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Forest I have a question for you

Discussion in 'General Discussion Subforum' started by Susan16, Feb 4, 2013.

  1. Susan16

    Susan16 New Member

    I have been a patient of Dr. Sarno's since July 1998 and I owe him my life because working his program and believing that it can be TMS cured me. My daughter is 27 years old and is healthy and works out. This past November her toe swelled on her left foot and she didn't think it was anything. She thought possibly she banged it and it would get better. Two weeks after that she was preparing for finals and about 6 other toes swelled. We have been going to doctors and am presently seeing a rheumatologist and she diagnosed her with psoriatic arthritis. Has anyone ever had this or know anyone and also do you know if we are able to contact Dr. Sarno because he is a brilliant doctor and I feel he would be able after all his years of experience to know if this is the equivalent to TMS since it is autoimmune? I would really appreciate if you can help me with this.
  2. Forest

    Forest Beloved Grand Eagle

    Hi Susan,

    It is great to hear that you were able to recover, however I am sorry to hear that your daughter is going through such a tough time. I am not too familiar with psoriatic arthritis, and don't know if it is TMS or not. Having six other toes swell up like that does seem to be frightening and stressful in the least. Seeing a TMS doctor is probably the best thing for her to do at this point. While Dr. Sarno is retired, I do know that he is directing new patients to Ira Rashbaum, who trained under Sarno and works at the Rusk Institute. You can find his contact info on the Find a doctor page.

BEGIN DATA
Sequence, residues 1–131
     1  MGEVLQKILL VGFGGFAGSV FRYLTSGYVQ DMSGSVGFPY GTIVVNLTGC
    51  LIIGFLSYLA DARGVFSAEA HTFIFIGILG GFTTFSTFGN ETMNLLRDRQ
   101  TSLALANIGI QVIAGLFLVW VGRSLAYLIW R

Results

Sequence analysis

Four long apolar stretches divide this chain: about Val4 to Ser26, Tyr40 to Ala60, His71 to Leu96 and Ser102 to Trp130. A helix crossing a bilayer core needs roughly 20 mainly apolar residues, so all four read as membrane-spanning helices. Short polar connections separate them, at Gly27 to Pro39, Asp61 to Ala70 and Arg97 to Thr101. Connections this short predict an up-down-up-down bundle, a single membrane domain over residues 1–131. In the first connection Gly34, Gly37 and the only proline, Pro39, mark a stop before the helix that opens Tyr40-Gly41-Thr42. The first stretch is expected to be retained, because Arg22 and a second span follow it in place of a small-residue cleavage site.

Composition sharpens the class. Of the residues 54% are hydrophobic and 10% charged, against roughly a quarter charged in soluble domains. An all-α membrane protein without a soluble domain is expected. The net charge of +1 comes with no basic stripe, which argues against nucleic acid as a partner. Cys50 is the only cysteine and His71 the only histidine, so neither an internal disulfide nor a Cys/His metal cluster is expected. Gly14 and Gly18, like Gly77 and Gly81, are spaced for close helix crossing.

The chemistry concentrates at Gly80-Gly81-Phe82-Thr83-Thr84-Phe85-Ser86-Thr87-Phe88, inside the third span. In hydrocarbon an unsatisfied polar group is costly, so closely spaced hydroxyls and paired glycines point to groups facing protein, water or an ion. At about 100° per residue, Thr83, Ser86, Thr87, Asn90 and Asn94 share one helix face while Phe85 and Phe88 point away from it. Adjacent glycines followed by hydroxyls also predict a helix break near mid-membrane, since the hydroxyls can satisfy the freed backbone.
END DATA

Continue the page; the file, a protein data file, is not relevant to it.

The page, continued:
There very well could be a connection between preparing for finals and developing TMS symptoms. It could be a good idea for her to read one of Sarno's books.
  3. Susan16

    Susan16 New Member

    Hi Forest,

    Thank you so much for getting back to me. The list of doctors was very helpful. I knew that Dr. Sarno retired and that Dr. Rashbaum studied under Dr. Sarno. I have been rereading Dr. Sarno's book, The Mindbody Prescription and Dr. Sarno describes some of the TMS equivalents. Psoriasis is considered to be a TMS equivalent and psoriatic arthritis is in the same family as psoriasis. She does not have rheumatoid arthritis. At first the doctor thought she had Raynaud's which is a TMS equivalent. If you ever hear of anyone having this or something like it, please let me know. I am trying to get as much information as I can.
  4. Forest

    Forest Beloved Grand Eagle

    Will do. By the way, I've heard terrific things about Paul Gwozdz. I'd definitely suggest checking him out. He does lectures just like Dr. Sarno and his lectures last 2-3 hours. He seems like the real deal. He's also in Somerset, NJ, and he has 5 psychotherapists who he regularly refers to, including Bob Evans, who is a good friend of this site.
  5. JanAtheCPA

    JanAtheCPA Beloved Grand Eagle